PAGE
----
Ordinarily, the doctrine of res judicata would preclude federal review of the health hazard issue. See Edwards v. Arkansas Power & Light Co., 683 F.2d 1149, 1152 (8th Cir. 1982). While the district court relied in part on the findings and conclusions of the Minnesota court, it went on to reach its own conclusion that Hubenthal amassed great quantities of suspect materials, creating a health hazard, and ultimately granted summary judgment.

Res judicata aside, our review of the record discloses no genuine issue of material fact as to Hubenthal's maintenance of a health hazard. Obviously, an inventory of waste, salvage, and scrap materials, even if treasured by and valuable to Hubenthal, kept in such fashion as to hold stagnant water and attract insects and vermin, is a health hazard.

The state court not only enjoined Hubenthal from collecting materials that constituted a health nuisance but also from maintaining a junkyard as defined in the Winona County zoning ordinance. Hubenthal argues the zoning ordinance is unconstitutionally vague, because it does not set forth appropriate standards to provide one with notice of what materials constitute "junk." The district court refused to rule on the merits of Hubenthal's constitutional claim, because Hubenthal had not set it out as a theory of recovery in his complaint. That court noted, however, that even if the issue were properly before the court, under Minnesota law, the state court order precluded Hubenthal from raising the issue in a subsequent Sec. 1983 action. See id.; see Migra v. Warren City School District Bd. of Ed., --- U.S. ----, 104 S. Ct. 892, 898, 79 L. Ed. 2d 56 (1984).

While we do not disagree with the district court's disposition of the vagueness claim, again we observe that on its merits the claim cannot be sustained.

The Winona ordinance under attack defines a junkyard as:

Land or buildings where waste, discarded or salvaged materials are bought, sold, exchanged, stored, cleaned, packed, disassembled or handled, including but not limited to, scrap metal, rags, paper, rubber products, glass products, lumber products and products resulting from the wrecking of automobiles or other vehicles ....

The ordinance, on its face, is subject to rather broad interpretation. Although a specific list of "junk" materials is set out in the ordinance, the list is qualified by the words "including but not limited to." However, the state court in applying the ordinance to appellant's property described with some particularity the materials constituting "junk." It said:

Defendant Hubenthal is enjoined from maintaining a junkyard on the subject premises and is enjoined from storing of said waste including scrap metal, used hot water heaters and other appliances, rags, leather, paper, cardboard, rubber products including tires and tire casings, and all metal products which are the result of wrecking of automobiles, appliances, fixtures or other machinery.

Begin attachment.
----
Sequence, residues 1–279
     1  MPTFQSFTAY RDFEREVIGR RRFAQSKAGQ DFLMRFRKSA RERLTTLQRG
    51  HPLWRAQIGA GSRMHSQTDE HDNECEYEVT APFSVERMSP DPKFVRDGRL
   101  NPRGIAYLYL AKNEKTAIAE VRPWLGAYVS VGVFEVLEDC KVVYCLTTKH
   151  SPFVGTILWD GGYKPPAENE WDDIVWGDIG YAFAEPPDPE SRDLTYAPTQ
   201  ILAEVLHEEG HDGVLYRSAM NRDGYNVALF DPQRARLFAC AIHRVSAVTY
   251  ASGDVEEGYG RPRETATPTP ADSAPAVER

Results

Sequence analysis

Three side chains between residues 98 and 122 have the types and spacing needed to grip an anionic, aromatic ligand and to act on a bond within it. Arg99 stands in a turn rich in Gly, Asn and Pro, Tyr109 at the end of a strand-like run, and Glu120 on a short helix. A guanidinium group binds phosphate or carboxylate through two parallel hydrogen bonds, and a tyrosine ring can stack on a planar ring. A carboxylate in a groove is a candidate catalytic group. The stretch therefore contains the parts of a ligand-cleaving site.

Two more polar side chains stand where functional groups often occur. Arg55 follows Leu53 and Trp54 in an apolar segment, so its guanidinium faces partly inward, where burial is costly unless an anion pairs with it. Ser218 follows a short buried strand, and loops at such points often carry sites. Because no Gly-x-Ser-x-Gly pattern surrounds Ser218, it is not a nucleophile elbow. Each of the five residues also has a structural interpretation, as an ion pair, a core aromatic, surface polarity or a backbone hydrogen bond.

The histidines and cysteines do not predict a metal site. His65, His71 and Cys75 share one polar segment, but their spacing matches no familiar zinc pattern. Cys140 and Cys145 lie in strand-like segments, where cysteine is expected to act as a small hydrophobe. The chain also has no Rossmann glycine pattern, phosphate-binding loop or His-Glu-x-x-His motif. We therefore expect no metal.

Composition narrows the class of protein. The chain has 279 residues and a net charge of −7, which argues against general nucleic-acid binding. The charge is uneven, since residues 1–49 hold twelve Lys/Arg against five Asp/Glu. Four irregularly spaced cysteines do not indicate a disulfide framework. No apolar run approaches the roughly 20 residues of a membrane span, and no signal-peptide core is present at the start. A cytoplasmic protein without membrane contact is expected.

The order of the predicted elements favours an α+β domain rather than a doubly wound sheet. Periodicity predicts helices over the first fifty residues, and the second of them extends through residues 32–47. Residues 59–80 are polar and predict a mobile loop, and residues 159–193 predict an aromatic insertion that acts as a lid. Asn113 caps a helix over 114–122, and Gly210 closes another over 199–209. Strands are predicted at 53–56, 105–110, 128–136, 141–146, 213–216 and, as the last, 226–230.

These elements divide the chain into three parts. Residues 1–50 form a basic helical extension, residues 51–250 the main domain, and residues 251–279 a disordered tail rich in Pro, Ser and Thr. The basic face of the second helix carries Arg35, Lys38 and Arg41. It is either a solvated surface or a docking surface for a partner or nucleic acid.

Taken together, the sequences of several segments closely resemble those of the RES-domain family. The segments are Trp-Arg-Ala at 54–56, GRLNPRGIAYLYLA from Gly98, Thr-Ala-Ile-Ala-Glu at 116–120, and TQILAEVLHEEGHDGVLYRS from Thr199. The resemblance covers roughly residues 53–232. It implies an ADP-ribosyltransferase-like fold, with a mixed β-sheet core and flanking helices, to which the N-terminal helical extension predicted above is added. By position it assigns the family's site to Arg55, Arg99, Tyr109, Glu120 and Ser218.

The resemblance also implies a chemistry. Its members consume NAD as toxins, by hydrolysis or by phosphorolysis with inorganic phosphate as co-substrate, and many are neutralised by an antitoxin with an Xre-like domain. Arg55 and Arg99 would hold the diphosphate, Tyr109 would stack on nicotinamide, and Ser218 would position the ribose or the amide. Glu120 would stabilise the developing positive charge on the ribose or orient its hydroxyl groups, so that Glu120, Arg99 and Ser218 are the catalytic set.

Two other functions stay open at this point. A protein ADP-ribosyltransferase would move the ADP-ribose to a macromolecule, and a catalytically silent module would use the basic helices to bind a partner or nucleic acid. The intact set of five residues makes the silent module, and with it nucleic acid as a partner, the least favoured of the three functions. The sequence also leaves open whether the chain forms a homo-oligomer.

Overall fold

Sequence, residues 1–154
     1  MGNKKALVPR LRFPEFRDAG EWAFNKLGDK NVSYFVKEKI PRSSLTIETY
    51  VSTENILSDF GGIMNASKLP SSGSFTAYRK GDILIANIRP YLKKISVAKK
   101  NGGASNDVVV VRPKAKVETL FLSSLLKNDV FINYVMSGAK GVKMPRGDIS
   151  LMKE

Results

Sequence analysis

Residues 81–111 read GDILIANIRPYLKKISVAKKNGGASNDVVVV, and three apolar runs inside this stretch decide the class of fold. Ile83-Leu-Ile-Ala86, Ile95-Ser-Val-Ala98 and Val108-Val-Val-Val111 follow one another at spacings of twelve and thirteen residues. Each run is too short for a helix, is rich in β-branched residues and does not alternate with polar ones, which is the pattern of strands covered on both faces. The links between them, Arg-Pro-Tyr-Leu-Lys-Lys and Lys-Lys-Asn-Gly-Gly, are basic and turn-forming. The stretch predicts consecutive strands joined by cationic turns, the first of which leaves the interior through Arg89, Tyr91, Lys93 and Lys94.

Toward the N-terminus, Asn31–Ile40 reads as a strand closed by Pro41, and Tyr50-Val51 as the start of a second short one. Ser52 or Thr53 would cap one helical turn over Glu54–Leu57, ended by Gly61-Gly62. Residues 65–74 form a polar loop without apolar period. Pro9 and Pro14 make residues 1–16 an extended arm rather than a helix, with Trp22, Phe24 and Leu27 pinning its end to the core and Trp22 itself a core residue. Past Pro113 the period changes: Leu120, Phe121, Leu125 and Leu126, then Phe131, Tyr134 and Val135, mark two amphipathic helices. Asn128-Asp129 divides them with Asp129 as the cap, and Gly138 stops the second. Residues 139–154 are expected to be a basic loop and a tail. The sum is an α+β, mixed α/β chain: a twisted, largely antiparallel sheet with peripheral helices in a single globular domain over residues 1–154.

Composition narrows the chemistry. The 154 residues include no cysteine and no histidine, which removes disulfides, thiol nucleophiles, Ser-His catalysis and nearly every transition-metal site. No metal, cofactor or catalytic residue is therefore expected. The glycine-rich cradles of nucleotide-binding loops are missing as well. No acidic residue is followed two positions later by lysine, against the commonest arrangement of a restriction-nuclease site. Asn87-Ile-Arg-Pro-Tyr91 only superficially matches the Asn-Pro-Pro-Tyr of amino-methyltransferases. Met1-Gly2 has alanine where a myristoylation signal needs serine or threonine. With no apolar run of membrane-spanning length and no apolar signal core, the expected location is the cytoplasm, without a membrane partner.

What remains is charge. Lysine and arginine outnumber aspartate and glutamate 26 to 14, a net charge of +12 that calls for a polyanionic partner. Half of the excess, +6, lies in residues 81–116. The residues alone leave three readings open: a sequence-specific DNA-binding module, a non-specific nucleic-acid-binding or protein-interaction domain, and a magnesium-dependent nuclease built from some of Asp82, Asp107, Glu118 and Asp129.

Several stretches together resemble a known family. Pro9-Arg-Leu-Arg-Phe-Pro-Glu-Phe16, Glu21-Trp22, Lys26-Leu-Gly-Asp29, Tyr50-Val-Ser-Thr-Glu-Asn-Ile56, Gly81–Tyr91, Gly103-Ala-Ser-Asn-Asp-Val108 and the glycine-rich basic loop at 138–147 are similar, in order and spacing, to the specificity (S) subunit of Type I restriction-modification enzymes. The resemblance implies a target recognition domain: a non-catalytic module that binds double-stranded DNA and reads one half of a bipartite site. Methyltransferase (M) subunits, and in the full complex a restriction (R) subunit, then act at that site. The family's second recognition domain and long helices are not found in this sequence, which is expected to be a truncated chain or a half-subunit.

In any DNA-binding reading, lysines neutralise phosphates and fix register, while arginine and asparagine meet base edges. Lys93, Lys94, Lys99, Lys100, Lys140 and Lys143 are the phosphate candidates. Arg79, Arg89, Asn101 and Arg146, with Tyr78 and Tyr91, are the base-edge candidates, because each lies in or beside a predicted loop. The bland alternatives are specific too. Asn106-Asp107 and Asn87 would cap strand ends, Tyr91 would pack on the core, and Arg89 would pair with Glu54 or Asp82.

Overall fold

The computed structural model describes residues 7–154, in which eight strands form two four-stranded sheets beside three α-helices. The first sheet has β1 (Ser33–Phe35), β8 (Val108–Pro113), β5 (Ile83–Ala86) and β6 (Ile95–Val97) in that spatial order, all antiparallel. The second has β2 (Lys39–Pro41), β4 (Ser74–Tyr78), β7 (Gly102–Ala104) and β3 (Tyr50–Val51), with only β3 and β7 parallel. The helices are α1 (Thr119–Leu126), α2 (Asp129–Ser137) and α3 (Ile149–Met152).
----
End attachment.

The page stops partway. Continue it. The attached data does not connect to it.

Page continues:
Junk, like pornography,2  may be hard to define, yet "it is clear what the ordinance as a whole prohibits." Grayned v. City of Rockford, 408 U.S. 104, 110, 92 S. Ct. 2294, 2300, 33 L. Ed. 2d 222 (1972). The state court order is at least equally clear.

Absent a showing of arbitrariness or capriciousness and recognizing that the zoning function is traditionally a governmental task which requires the "balancing [of] numerous competing considerations," Larkin v. Grendel's Den, Inc., 459 U.S. 116, 121, 103 S. Ct. 505, 509, 74 L. Ed. 2d 297 (1982) (quoting Arlington Heights v. Metropolitan Housing Dev. Corp., 429 U.S. 252, 265, 97 S. Ct. 555, 563, 50 L. Ed. 2d 450 (1977)), the courts have shown a reluctance to upset zoning laws.

Our consideration of the circumstances as a whole leads us to the conclusion that the Winona zoning ordinance in question as applied by the state court of Minnesota is not void for overbreadth or vagueness.

Finally, Hubenthal argues that the county officials deliberately exceeded the scope of the court order by removing certain of the materials (notably dirt, worms, wood, hammer mills) from his property and that an adequate post-deprivation remedy does not preclude review by the federal courts of a Sec. 1983 claim when the wrongful actions of state officials are deliberate. As the district court noted, there is nothing in the record to indicate that defendants acted deliberately or with reckless disregard of appellant's rights. But even an unauthorized intentional deprivation of property by a state official does not violate due process requirements if a meaningful post-deprivation remedy is available. Hudson v. Palmer, --- U.S. ----, 104 S. Ct. 3194, 3204, 82 L. Ed. 2d 393 (1984). Minn.Stat.Ann. Sec. 466.02 (1977) provides that "every municipality is subject to liability for its torts and those of its officers, employees, and agents acting within the scope of their employment or duties whether arising out of a governmental or proprietary function." Hubenthal does not claim, nor does it otherwise appear, that the state remedy is inadequate.

From what has been said, it follows that the judgment of the district court should be, and it is, affirmed.


The Honorable Robert G. Renner, United States District Judge, District of Minnesota


See Jacobellis v. Ohio, 378 U.S. 184, 197, 84 S. Ct. 1676, 1683, 12 L. Ed. 2d 793 (1964), Mr. Justice Stewart concurring